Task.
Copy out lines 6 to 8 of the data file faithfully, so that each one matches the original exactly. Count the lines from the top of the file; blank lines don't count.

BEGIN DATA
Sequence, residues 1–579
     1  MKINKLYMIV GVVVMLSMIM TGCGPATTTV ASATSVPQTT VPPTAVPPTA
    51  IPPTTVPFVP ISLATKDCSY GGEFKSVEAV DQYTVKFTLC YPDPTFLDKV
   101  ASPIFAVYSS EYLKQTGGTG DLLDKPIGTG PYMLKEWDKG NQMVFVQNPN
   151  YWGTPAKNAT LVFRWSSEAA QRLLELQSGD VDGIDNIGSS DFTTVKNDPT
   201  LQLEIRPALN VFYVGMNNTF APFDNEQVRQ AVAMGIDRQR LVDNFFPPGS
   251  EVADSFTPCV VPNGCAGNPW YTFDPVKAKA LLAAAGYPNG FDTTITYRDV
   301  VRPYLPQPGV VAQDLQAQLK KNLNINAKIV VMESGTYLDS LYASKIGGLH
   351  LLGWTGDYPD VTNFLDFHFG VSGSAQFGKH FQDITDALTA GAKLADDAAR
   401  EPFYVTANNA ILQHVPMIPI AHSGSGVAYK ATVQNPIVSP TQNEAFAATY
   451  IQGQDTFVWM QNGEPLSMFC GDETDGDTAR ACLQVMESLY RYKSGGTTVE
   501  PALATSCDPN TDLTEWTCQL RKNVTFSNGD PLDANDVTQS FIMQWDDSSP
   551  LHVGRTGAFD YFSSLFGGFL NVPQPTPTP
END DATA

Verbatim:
   201  LQLEIRPALN VFYVGMNNTF APFDNEQVRQ AVAMGIDRQR LVDNFFPPGS
   251  EVADSFTPCV VPNGCAGNPW YTFDPVKAKA LLAAAGYPNG FDTTITYRDV
   301  VRPYLPQPGV VAQDLQAQLK KNLNINAKIV VMESGTYLDS LYASKIGGLH